# Getting started¶

For illustration purpposes, let’s go step by step through a simple example where a slotted disk rotates through a (circle-shaped) mesh. The rotation of the slotted disk is governed by the solid body rotation

The slotted disk is represented on a set of particles, see the following picture of what could be the initial particle field.

Our objective is to project the scattered particle representation of the (rotating!) slotted disk onto a FEM mesh in such a way that the area is preserved (i.e. mass conservation). Apart from conservation, we certainly want the particle-mesh projection to be accurate as well. To achieve this, the PDE-constrained particle-mesh projection from Maljaars et al [2019] is used. This projection is derived from the Lagrangian functional

An in-depth interpretation and analysis of this functional and the optimality system that results after taking variations with respect to \(\left(\psi_h, \lambda_h, \bar{\psi}_h \right) \in \left(W_h, T_h, \bar{W}_{h} \right)\), can be found in the aformentioned reference.

First, let’s import the required tools from `leopart`

:

```
from leopart import (
particles,
advect_rk3,
PDEStaticCondensation,
FormsPDEMap,
RandomCircle,
SlottedDisk,
assign_particle_values,
l2projection,
)
```

And import a number of tools from `dolfin`

and other libraries:

```
from dolfin import (
Expression,
Point,
VectorFunctionSpace,
Mesh,
Constant,
FunctionSpace,
assemble,
dx,
refine,
Function,
assign,
DirichletBC,
)
from mpi4py import MPI as pyMPI
import numpy as np
comm = pyMPI.COMM_WORLD
```

Next is to further specify the geometry of the domain and the slotted disk. Furthermore, we import the disk-shaped mesh, which is refined twice in order to increase the spatial resolution

```
(x0, y0, r) = (0.0, 0.0, 0.5)
(xc, yc, r) = (-0.15, 0.0)
(r, rdisk) = (0.5, 0.2)
rwidth = 0.05
(lb, ub) = (0.0, 1.0)
# Mesh
mesh = Mesh("./../../meshes/circle_0.xml")
mesh = refine(refine(refine(mesh)))
```

The slotted cylinder is created with the `SlottedDisk`

class, this is nothing more than just a
specialized `dolfin.UserExpression`

and provided in the `leopart`

package just for
convenience:

```
psi0_expr = SlottedDisk(
radius=rc, center=[xc, yc], width=rwidth, depth=0.0, degree=3, lb=lb, ub=ub
)
```

The timestepping parameters are chosen such that we precisely make one rotation:

```
Tend = 2.0
dt = Constant(0.02)
num_steps = np.rint(Tend / float(dt))
```

In order to prepare the PDE-constrained projection, the function spaces \(W_h\), \(T_h\) and \(\bar{W}_h\) are defined. Note that \(\bar{W}_h\) is defined only on the mesh facets. Apart from the function space definitions, we also set a homogeneous Dirichlet boundary condition on \(\bar{W}_h\), and we define the advective velocity field.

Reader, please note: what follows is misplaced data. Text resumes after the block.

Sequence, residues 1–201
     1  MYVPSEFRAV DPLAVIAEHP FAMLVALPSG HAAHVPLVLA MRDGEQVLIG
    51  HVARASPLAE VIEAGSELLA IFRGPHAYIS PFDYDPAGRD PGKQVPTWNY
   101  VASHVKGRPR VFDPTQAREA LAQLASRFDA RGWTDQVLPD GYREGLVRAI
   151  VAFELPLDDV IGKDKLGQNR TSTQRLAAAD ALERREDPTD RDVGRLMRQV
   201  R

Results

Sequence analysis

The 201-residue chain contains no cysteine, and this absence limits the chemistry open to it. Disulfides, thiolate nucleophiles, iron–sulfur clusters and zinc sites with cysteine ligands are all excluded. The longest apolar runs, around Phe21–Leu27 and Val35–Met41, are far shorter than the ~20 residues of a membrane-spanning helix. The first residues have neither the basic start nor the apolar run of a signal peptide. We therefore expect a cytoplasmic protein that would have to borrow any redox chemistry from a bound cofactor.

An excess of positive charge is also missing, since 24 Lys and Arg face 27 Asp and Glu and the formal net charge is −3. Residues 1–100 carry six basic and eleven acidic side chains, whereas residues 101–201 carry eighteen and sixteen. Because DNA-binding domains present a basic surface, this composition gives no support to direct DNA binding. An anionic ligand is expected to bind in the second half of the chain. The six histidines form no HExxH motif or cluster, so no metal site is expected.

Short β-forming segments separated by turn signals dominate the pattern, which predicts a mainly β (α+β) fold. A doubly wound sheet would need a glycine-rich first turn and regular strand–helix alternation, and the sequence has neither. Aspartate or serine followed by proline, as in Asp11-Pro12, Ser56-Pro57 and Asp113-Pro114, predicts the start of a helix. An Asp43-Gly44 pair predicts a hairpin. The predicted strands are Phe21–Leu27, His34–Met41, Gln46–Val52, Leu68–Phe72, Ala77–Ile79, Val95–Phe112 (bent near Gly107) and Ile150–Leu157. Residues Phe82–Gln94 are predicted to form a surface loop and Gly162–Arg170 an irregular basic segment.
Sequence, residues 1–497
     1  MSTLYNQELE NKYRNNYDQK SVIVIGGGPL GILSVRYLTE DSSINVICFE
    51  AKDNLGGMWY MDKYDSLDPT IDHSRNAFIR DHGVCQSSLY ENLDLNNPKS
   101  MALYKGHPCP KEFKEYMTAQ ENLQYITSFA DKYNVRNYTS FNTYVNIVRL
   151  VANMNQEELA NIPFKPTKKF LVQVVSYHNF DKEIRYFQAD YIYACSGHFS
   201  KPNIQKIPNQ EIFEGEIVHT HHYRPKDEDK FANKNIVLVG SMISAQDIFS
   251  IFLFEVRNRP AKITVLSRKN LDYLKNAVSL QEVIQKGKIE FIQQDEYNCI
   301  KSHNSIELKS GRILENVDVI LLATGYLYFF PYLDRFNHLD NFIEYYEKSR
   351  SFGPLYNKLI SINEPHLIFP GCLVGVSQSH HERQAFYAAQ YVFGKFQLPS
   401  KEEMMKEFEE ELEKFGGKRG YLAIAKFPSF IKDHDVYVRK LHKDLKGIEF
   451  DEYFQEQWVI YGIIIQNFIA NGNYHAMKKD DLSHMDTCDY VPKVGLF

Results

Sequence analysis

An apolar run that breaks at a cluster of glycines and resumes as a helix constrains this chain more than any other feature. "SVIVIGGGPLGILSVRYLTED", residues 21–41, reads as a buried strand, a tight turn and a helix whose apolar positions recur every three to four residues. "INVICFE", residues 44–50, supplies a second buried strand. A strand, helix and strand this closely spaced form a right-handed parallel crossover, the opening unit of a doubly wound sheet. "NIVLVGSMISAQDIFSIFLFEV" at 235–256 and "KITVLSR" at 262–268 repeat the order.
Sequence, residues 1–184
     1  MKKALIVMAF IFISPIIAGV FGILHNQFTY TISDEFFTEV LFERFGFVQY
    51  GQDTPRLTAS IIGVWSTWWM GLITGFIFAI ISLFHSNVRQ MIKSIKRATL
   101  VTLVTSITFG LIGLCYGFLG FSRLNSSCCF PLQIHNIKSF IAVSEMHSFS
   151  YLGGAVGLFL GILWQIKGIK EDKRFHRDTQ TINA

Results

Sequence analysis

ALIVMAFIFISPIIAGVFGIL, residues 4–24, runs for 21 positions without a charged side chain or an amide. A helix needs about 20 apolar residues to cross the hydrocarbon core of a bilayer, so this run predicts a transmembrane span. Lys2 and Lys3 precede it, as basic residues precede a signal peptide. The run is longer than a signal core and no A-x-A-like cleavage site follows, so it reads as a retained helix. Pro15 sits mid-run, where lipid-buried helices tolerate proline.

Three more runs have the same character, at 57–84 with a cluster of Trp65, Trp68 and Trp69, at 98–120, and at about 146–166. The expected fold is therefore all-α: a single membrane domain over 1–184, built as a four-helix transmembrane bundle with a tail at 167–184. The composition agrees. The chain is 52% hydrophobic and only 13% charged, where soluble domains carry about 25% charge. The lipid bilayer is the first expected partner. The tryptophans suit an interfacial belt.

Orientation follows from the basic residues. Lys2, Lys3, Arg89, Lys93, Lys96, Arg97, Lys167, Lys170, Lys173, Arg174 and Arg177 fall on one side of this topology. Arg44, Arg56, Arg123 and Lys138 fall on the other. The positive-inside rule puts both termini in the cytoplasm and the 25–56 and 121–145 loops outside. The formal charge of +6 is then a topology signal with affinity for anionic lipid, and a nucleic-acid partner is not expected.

```
W = FunctionSpace(mesh, "DG", 1)
T = FunctionSpace(mesh, "DG", 0)
Wbar = FunctionSpace(mesh, "DGT", 1)
bc = DirichletBC(Wbar, Constant(0.0), "on_boundary")
(psi_h, psi_h0, psi_h00) = (Function(W), Function(W), Function(W))
psibar_h = Function(Wbar)
V = VectorFunctionSpace(mesh, "DG", 3)
uh = Function(V)
uh.assign(Expression(("-Uh*x[1]", "Uh*x[0]"), Uh=np.pi, degree=3))
```

We are now all set to define the particles. So we start with creating a set of point locations
and setting a scalar property that, for instance, defines the concentration. Note that `leopart`

comes shipped with a number of particle generators, of which the `RandomCircle`

method is just
one.

```
x = RandomCircle(Point(x0, y0), r0).generate([750, 750])
s = assign_particle_values(x, psi0_expr)
```

…and define both the particle object and a particle-advection scheme (in this case a Runge-Kutta 3 scheme)

The optimality system that results from minimizing the Lagrangian can be represented as a 3x3 block matrix at the element level

The ufl-forms for the different contributions in this algebraic problem can be obtained with the
`FormsPDEMap`

class. Furthermore, we feed these forms into the `PDEStaticCondensation`

class that will be used for the acutal projection:

Note that in the snippet above, the \(\zeta\) parameter which penalizes over and undershoot is set to a value of 30. Other than scaling this parameter with the approximate number of particles per cell, there is (as yet) not much more intelligence behind it).

We are almost ready for running the advection problem, the only thing which we need is an initial
condition for \(\psi_h\) on the mesh. In order to obtain this mesh field from the particles,
the bounded \(\ell^2\) projection that is available in `leopart`

is used, i.e.

```
lstsq_psi = l2projection(p, W, 1)
lstsq_psi.project(psi_h0, lb, ub)
assign(psi_h00, psi_h0)
```

This results in the initial mesh field as shown below:

Now we are ready to enter the time loop and solve the PDE-constrained projection in every time step for reconstructing a conservative mesh field \(\psi_h\) from the moving particle field.

```
step = 0
t = 0.0
area_0 = assemble(psi_h0 * dx)
while step < num_steps:
step += 1
t += float(dt)
if comm.Get_rank() == 0:
print(f"Step {step}")
ap.do_step(float(dt))
pde_projection.assemble(True, True)
pde_projection.solve_problem(psibar_h, psi_h, "mumps", "default")
assign(psi_h0, psi_h)
```

Finally, we want to check if we indeed can keep our promise of being conservative and accurate, so let’s check by printing:

```
area_end = assemble(psi_h * dx)
num_part = p.number_of_particles()
l2_error = np.sqrt(abs(assemble((psi_h00 - psi_h) * (psi_h00 - psi_h) * dx)))
if comm.Get_rank() == 0:
print(f"Num particles {num_part}")
print(f"Area error {abs(area_end - area_0)}")
print(f"L2-Error {l2_error}")
```

That’s all there is! The code for running this example can be found on Bitbucket. Just to convince you that it works, this is the reconstructed mesh field at \(t=1\), after a half rotation: